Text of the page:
Furnace is a free and open source platform for the creation of streaming data (you may prefer to say data streaming) applications.
Launched by the warmly named Furnace Ignite Ltd, Furnace itself is targeting the new breed of ‘data-rich’ organisations that need data streaming apps.
Data streaming apps might typically feature in smart cities, IoT, finance, marketing and other data intensive sectors and scenarios.
Furnace is an infrastructure and language-agnostic serverless framework that can be instantiated and operable in minutes.
It is aligned with GitOps methodology.
As defined here by WeaveWorks, GitOps is a way to do Continuous Delivery — it works by using Git as a single source of truth for declarative infrastructure and applications.
“With Git at the centre of your delivery pipelines, every developer can make pull requests and use Git to accelerate and simplify both application deployments and operations tasks to Kubernetes. By using familiar tools like Git, developers are more productive and can focus their attention on creating new features rather than on operations tasks,” notes WeaveWorks.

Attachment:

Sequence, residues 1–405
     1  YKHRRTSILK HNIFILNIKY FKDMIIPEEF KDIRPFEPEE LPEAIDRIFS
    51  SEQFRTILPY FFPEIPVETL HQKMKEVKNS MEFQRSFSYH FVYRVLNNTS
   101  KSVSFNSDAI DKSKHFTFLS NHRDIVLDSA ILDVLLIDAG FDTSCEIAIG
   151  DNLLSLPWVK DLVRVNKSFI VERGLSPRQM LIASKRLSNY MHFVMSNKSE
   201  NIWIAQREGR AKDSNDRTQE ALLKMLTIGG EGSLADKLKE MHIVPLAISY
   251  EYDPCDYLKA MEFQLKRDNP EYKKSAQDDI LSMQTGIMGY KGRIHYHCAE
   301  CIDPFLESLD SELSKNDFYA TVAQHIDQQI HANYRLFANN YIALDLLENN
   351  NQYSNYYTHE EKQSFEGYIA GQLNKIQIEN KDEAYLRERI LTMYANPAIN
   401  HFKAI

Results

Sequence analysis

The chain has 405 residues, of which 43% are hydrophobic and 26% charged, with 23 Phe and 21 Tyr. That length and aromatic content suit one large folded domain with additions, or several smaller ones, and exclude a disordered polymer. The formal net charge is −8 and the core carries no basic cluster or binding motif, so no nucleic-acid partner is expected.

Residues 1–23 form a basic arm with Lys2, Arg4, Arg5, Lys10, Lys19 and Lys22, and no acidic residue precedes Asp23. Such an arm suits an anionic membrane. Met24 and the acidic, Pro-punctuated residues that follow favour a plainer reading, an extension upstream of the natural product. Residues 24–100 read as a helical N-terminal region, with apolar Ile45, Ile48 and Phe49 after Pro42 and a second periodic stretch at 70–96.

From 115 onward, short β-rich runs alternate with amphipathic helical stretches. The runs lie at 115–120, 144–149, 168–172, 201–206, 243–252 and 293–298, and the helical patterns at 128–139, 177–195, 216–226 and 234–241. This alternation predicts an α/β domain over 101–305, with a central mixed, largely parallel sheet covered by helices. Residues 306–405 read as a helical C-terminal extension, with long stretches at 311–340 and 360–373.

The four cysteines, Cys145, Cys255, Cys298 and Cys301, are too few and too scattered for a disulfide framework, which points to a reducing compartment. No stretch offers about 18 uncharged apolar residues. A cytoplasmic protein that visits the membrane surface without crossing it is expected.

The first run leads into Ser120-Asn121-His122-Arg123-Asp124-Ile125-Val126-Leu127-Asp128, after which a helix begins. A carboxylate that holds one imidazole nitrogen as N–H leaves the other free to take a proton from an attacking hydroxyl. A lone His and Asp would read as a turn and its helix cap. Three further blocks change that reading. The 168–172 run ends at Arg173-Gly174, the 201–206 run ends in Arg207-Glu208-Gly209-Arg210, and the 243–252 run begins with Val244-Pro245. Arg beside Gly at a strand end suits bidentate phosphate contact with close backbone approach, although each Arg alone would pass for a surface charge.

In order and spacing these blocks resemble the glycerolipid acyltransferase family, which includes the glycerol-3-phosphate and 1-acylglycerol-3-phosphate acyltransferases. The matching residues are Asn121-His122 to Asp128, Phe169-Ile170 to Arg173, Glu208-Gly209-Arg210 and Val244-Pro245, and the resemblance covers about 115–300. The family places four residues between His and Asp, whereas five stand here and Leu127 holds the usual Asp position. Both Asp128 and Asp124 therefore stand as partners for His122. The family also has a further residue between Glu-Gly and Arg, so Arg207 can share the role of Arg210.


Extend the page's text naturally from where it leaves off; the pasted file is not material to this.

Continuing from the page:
Back to Furnace, Ovum analyst Rik Turner says that from smart cities to marketing and security, vast new pools of data are unused or underemployed, both because of the scarcity of developer talent and the enormous commitment of time and money currently required to bring a complex application to market.
Fusion of data streams
Furnace is designed to reverse the trend of escalating complexity and costs of big data processing and storage.
As such, initial use-cases of Furnace include rapid and inexpensive fusion of data streams from disparate sources — plus also data filtration, sanitisation and storage, for reasons such as legal compliance.
“The platform has been architected in a way that allows it to be deployed into various infrastructures, be that cloud, on-premise or within hybrid environments, with the ability to ingest huge volumes of data from different sources, in various formats, so developers can take that data and make it useable. Furnace will continue to be developed to suit the needs of the open source community and we welcome user feedback on the platform,” said Danny Waite, head of engineering, Furnace Ignite.
Future key features will include; running natively in Microsoft Azure and Google Cloud. Additional coding languages including Python and Golang. Constructs to connect cloud-based applications to legacy on-premise platforms.